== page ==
Twice a year is the best choice, but once per year is enough if you clean your unit on time. 

The annual maintenance and servicing include the following things:

  • Checking the filters, electrical wire conditions, and connections.
  • Measuring the electrical amps of the unit. 
  • Checking the blower motor, fan blades, wheel, and motor bearings.
  • Ensuring an adequate amount of airflow passage. 
  • Inspecting the refrigerant levels and inspecting leakage in the tube. In this case, the team will replace the tube.
  • Checking the thermostat settings and controls.
  • Examining the drainage systems – the drain lines, pans, and traps.
  • Checking the condenser unit and coils 
  • Reanalyzing the ducts and looking for leakage. For leakage, the team will replace the ducts or seal the leaked areas. 

Regular servicing is an integral part of your heat pump’s maintenance. 

It lengthens your heat pump’s lifespan and ensures smooth functioning throughout the year. 

In the meantime, the house owner should clean the unit and its surrounding. 

Also check:

Final thoughts

Cleaning the heat pump from time to time guarantees its long lifespan and efficiency. 

With regular cleaning, your heat pump will function smoothly without any issues. 

Clean the air filter, the coils, and the indoor grilles with cleaning agents and dry cloths. 

Avoid benzene, thinner, or polishing powder.  

Keep the surrounding areas of the outdoor unit clean by removing the leaves, twigs, and other debris, especially during the winter and after a windy climate. 

Though the registers and ducts do not need regular cleanings like the filters and coils, you may also clean them with anti-mold cleaning agents.

The best time to clean the heat pump is every 8 to 12 weeks. 

Even if you clean the unit regularly, you must call a professional HVAC team for regular maintenance and servicing every year for an overall checkup.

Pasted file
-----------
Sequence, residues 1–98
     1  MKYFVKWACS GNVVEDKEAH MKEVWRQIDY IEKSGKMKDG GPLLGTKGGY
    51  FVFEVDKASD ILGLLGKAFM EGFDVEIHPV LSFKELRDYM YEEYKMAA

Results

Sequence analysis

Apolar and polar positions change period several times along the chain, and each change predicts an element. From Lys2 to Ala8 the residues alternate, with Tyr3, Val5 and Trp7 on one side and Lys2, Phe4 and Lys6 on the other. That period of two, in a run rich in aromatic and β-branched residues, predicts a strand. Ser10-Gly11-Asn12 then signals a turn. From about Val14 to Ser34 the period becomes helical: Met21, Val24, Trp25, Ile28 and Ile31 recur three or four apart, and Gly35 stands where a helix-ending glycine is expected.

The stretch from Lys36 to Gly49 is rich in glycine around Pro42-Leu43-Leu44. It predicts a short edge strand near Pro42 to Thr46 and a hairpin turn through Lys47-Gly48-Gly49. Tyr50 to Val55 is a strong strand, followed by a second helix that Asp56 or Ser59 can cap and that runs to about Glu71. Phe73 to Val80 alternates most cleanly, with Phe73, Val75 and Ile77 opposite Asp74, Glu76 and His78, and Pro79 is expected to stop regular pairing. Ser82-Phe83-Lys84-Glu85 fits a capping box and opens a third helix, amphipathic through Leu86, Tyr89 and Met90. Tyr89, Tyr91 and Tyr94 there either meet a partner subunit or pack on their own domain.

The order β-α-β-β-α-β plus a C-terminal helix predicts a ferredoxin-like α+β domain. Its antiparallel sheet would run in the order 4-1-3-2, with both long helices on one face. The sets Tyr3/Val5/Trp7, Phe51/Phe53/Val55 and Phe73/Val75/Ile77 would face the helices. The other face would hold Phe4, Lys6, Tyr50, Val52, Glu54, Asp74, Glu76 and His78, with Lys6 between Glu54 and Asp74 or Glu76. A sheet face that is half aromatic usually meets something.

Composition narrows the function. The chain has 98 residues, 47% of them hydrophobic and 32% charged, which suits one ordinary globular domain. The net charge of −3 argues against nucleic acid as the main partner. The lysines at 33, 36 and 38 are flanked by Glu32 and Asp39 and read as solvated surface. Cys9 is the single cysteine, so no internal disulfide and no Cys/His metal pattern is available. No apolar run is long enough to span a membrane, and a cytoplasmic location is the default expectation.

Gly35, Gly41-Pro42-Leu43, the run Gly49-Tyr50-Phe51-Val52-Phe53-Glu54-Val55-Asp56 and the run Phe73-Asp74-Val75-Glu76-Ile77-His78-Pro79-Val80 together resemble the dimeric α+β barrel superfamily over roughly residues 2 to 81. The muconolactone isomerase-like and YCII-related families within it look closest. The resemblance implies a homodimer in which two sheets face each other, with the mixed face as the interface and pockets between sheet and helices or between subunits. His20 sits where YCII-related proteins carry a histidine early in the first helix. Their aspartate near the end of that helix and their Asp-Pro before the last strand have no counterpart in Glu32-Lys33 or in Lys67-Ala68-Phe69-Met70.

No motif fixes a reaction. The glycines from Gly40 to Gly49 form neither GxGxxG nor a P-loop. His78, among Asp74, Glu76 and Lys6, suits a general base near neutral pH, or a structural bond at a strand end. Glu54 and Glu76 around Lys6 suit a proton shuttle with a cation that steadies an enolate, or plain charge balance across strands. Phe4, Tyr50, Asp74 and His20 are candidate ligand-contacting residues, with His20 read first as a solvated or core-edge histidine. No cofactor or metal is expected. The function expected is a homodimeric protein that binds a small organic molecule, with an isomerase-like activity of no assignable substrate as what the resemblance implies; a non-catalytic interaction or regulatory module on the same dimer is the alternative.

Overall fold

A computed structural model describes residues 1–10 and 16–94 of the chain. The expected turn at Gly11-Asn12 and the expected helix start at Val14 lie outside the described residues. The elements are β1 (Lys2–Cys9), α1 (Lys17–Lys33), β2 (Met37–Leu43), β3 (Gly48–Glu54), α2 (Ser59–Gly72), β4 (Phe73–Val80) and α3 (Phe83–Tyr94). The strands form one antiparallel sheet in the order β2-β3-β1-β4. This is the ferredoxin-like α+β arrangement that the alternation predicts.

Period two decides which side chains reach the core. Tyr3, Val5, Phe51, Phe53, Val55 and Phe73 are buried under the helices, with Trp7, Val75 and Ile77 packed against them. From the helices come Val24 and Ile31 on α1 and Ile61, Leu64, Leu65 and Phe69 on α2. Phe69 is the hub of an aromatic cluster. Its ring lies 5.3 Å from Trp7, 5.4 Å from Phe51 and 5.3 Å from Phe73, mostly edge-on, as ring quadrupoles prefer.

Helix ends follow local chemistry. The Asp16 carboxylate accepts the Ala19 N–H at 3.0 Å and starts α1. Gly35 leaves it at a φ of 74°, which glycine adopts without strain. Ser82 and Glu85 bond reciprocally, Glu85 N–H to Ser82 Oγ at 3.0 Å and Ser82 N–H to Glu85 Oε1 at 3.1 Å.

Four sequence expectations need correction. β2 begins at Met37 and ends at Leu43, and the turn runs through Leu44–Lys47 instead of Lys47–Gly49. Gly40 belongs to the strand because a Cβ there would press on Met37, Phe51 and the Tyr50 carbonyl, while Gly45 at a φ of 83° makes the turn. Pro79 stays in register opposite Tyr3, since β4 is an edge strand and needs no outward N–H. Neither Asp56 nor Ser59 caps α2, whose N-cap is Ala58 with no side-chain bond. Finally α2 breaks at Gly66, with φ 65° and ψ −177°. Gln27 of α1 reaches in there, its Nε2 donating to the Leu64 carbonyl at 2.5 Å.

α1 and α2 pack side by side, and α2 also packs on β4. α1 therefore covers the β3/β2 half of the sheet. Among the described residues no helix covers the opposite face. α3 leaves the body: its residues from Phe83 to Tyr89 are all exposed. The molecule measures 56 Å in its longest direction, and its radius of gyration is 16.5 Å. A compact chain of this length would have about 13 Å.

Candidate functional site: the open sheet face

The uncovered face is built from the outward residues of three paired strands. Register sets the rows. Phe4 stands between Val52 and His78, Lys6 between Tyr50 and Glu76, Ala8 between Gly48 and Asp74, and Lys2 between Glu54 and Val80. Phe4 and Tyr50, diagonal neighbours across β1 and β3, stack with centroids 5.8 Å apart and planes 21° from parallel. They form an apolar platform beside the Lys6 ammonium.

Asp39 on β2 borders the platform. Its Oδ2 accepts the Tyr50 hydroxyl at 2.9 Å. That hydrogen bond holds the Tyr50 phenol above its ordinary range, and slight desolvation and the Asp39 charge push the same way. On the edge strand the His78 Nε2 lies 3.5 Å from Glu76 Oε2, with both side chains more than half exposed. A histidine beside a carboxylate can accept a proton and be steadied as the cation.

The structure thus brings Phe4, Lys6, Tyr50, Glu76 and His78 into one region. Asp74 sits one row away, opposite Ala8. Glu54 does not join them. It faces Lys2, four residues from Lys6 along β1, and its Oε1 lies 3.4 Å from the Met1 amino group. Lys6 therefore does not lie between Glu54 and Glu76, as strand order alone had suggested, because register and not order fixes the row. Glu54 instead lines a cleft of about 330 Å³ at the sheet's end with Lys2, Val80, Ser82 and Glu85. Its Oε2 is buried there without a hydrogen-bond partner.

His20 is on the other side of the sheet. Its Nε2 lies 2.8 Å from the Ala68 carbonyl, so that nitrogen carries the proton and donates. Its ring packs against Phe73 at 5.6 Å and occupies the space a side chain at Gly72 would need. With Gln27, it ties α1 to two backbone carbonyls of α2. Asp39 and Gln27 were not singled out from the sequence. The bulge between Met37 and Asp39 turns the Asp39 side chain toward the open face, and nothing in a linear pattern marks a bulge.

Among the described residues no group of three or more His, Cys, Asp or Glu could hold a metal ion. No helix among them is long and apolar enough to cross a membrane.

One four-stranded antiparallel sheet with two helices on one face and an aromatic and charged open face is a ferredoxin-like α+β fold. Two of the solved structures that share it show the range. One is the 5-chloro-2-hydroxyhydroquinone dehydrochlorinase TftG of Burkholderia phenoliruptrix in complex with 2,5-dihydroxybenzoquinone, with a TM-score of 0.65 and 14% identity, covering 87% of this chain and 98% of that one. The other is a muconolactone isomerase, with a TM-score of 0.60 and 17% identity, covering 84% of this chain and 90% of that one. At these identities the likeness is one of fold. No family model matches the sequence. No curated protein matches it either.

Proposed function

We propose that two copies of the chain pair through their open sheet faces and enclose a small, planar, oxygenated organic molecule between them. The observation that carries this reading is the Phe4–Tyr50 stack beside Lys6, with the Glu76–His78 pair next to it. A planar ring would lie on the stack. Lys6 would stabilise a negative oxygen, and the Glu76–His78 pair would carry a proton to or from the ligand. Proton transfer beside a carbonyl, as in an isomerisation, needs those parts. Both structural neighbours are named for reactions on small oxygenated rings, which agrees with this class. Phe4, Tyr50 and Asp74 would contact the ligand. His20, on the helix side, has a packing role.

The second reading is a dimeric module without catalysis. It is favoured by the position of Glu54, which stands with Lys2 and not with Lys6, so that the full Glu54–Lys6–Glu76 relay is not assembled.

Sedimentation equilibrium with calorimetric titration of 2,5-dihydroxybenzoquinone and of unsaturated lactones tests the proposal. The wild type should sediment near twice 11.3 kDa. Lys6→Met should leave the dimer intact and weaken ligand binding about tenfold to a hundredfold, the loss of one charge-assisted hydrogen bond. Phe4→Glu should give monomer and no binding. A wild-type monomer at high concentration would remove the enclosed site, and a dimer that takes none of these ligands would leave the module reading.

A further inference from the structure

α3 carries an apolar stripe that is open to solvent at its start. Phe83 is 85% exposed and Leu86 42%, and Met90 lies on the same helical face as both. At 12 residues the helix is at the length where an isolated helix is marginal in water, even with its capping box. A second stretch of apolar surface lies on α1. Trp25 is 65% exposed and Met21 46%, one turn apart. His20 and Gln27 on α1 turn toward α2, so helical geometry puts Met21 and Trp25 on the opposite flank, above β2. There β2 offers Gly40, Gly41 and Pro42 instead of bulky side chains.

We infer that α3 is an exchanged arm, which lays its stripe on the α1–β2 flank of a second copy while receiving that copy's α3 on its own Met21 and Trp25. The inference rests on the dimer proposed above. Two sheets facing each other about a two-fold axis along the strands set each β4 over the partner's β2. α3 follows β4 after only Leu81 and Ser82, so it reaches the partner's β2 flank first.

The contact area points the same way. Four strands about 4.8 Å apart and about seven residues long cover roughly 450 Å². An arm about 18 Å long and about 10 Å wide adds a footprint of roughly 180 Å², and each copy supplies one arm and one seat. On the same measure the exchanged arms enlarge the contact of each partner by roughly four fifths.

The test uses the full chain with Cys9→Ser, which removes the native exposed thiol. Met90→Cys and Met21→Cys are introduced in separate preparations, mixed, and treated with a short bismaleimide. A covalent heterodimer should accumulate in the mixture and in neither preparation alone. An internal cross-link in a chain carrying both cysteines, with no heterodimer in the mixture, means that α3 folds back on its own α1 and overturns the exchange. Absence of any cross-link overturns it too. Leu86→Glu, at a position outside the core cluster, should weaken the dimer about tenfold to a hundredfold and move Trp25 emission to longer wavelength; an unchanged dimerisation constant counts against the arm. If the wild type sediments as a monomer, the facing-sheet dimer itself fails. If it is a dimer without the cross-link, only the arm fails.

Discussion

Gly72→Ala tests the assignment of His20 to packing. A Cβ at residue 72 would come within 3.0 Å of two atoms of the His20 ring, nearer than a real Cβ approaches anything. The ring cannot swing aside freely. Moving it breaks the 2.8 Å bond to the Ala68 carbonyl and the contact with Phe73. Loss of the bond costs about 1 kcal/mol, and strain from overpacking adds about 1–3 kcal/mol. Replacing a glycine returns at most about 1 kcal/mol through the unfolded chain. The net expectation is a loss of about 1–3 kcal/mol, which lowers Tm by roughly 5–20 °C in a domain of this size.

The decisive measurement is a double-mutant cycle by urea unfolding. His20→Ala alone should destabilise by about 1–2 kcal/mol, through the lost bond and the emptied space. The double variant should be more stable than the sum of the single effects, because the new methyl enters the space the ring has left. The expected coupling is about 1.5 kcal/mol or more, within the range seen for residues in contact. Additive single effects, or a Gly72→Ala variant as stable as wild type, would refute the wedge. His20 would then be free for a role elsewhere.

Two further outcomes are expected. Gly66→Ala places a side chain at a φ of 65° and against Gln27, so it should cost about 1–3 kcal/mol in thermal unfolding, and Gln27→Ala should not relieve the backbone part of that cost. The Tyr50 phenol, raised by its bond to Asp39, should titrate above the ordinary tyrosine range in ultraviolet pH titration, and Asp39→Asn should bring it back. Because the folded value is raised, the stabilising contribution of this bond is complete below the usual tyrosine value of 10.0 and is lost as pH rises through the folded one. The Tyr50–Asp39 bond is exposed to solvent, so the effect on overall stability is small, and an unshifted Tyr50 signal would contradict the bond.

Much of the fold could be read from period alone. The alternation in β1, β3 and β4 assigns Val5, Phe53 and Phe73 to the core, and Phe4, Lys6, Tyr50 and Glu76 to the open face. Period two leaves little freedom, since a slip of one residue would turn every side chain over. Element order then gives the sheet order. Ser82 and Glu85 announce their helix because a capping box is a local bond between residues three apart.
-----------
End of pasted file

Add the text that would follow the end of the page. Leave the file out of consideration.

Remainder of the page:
How do I get rid of the smell from my heat pump?

A heat pump can release smells indicating poor drainage, mold, gas leaks, or an overheated unit. You should inspect the problem, fix it, and deodorize your unit. 

Does spraying water on the heat pump help?

When there is a decrease in the air temperature, the heat pump’s cooling system does not work properly. Misting the devices can increase the unit’s efficiency and effectiveness in the cooling system.

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Arthur Smith

Howdy! I am Arthur Smith, an electrical engineer who is extremely passionate about electronics. I have lived in different parts of the US and currently reside in Wisconsin. I am one of those rare children who knew what he wanted to study and do in life right from the start. I was a curious child who wanted to know how switches work and how the AC works, and I would always observe my dad whenever he would handle the wires and fix things around the house. I currently work as an electrical engineer at a reputed company and write for this blog. And I read loads of books or play video games in my free time.